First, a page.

Research briefing: New report says plant-based diets are critical to breaking vicious circle of cheap food

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» Research briefing: New report says plant-based diets are critical to breaking vicious circle of cheap food

A new report by Chatham House explores the role of the global food system as the principal driver of accelerating biodiversity loss and underlines how plant-based diets are critical to safeguarding the global food chain. 

The report, titled Food Systems Impacts on Biodiversity Loss, explains how food production is degrading or destroying natural habitats and contributing to species extinction. The authors outline the challenges and trade-offs involved in redesigning food systems to restore biodiversity and/or prevent further biodiversity loss, and presents recommendations for action.

Humanity must shift towards more plant-based diets...

The report, supported by the UN environment programme (UNep), highlights how agriculture is the main threat to 86% of the 28,000 species known to be at risk of extinction, underlining that without change, loss of biodiversity will continue to accelerate and threaten the world’s ability to sustain humanity. The root cause, say the report authors, is a vicious circle of cheap food, where low costs drive increased demand for food and more waste, with more competition in turn forcing costs even lower through more clearing of natural land and use of polluting fertilisers and pesticides.

The report introduces three ‘levers’ for reducing pressures on land and creating a more sustainable food system.  

  • To change dietary patterns to reduce food demand and encourage more plant-based diets. Over 80% of the world’s agricultural land is used for raising animals, which provide only 18% of the calories consumed. Reversing the upward trend in meat consumption removes the pressure to clear new land and further damage wildlife.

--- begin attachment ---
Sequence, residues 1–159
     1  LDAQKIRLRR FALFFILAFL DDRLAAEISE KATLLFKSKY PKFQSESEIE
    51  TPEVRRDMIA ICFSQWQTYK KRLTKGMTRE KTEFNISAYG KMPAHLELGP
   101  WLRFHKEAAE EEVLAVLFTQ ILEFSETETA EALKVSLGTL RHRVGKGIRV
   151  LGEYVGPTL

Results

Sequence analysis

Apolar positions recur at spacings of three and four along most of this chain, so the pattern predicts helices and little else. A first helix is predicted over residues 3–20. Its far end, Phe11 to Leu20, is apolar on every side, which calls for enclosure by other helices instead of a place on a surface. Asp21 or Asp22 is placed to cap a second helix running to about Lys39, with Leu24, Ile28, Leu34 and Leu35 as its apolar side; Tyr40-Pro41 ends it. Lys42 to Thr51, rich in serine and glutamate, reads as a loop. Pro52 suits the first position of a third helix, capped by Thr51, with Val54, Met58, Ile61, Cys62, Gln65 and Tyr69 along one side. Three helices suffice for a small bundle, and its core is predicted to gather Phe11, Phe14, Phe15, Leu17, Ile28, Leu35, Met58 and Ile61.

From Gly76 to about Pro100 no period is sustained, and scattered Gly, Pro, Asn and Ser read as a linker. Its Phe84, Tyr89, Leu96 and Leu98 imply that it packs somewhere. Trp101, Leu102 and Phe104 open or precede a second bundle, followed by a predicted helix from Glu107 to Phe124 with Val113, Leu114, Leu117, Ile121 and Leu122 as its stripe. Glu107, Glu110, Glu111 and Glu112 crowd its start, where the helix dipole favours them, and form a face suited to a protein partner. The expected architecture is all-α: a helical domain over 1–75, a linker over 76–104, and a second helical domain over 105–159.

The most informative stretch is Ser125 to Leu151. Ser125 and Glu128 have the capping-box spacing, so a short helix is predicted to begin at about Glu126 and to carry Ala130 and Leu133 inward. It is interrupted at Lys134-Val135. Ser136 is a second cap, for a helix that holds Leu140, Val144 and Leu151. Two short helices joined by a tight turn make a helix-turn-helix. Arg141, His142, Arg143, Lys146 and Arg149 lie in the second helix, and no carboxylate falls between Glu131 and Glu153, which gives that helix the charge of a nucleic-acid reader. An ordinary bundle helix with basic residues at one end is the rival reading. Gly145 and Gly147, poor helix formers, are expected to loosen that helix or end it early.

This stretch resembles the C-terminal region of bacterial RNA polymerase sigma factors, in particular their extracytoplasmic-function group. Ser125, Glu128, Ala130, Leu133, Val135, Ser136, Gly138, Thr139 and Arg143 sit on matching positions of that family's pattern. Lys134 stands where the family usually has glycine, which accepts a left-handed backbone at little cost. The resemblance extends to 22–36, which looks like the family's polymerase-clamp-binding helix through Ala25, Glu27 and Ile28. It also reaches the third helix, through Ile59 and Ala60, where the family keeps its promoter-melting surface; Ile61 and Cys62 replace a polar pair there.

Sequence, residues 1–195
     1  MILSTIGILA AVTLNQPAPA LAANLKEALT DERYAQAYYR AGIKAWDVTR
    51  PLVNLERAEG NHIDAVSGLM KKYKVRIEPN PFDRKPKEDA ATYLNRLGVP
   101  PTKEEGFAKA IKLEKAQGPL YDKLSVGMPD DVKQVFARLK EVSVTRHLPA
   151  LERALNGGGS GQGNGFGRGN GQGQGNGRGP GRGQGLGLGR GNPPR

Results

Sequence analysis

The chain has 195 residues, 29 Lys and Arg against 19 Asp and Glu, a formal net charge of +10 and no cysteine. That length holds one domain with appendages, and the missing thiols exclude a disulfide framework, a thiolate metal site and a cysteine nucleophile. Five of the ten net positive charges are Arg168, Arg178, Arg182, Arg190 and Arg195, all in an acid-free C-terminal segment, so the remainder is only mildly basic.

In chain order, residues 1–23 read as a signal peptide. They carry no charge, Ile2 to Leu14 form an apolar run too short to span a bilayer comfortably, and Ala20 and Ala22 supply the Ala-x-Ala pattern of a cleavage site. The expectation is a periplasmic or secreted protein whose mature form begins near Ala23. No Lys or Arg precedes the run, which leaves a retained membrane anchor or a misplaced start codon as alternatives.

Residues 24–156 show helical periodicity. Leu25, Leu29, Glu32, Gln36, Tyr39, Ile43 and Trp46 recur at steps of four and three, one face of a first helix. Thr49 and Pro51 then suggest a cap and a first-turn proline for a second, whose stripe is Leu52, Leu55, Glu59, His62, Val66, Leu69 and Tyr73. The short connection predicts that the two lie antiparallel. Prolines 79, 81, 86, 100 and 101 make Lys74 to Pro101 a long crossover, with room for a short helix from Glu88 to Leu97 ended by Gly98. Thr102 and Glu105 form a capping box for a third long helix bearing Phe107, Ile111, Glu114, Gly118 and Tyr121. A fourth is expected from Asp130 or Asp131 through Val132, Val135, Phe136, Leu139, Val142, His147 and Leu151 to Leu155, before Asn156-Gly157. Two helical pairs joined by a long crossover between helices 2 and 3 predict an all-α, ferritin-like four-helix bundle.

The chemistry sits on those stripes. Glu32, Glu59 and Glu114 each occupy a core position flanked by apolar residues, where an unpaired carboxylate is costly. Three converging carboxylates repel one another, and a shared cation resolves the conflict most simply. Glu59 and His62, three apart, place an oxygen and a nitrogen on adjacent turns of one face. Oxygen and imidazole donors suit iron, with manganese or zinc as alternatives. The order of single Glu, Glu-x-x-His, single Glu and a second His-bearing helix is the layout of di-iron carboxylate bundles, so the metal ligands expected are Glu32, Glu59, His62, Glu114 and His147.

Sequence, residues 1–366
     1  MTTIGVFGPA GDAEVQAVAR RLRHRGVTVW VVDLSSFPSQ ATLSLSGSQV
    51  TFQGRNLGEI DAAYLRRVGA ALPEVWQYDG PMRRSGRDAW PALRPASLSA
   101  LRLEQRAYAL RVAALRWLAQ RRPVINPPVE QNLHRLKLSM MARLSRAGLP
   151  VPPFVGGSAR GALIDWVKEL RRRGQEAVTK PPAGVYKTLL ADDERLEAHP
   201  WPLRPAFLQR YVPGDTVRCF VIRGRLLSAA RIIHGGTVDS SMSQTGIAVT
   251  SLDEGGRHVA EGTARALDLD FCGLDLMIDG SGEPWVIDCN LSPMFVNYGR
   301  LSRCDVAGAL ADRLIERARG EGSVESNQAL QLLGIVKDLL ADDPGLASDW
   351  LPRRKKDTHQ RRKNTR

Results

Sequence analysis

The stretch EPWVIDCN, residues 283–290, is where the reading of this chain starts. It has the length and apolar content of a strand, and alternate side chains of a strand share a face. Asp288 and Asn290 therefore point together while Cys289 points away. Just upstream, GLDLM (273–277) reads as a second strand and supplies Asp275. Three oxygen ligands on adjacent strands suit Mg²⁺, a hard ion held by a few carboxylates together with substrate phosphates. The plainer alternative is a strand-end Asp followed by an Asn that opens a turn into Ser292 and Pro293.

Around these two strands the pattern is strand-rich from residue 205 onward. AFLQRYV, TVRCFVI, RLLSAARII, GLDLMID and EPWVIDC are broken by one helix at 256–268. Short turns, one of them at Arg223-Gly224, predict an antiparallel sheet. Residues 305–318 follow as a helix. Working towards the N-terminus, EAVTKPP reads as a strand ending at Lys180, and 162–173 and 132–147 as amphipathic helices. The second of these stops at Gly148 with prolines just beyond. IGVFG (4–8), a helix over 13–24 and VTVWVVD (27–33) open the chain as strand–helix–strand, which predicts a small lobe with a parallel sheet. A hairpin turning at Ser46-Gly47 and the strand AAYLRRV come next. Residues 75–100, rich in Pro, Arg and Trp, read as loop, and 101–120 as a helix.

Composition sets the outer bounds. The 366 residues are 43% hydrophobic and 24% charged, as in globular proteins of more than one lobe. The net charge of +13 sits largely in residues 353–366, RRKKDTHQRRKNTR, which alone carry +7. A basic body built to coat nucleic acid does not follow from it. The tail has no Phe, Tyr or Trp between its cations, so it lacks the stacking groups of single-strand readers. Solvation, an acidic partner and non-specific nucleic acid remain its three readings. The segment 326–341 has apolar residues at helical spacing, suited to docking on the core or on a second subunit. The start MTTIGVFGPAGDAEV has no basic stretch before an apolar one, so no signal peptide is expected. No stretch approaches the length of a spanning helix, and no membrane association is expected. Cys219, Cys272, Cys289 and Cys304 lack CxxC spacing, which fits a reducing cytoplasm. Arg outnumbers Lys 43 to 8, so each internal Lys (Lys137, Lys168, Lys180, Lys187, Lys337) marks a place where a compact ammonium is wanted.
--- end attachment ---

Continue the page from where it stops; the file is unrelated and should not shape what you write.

• It also frees up existing land for the second 'lever': to protect and set aside land for nature, whether through re-establishing native ecosystems on spared farmland or integrating pockets of natural habitat into farmland.
  • The third lever is to shift to more sustainable farming. Land availability also underpins this solution, which is to cultivate less intensively and with less damage but accepting lower yields. Organic yields are on average about 75% of those from conventional intensive agriculture

The report underlines that all three levers will be needed for food system redesign to succeed. The authors' recommendations for action are based around a series of major summits and conferences on food systems, climate, biological diversity, nutrition and related areas scheduled in 2021. These offer a unique opportunity for a ‘food systems approach’ to become embedded in international policy processes and come in the same week as the landmark review on the Economics of Diversity by Professor Sir Partha Dasgupta. This independent, global review concluded that a fundamental change in how we think about and approach economics is needed if we are to reverse biodiversity loss and protect and enhance our prosperity.

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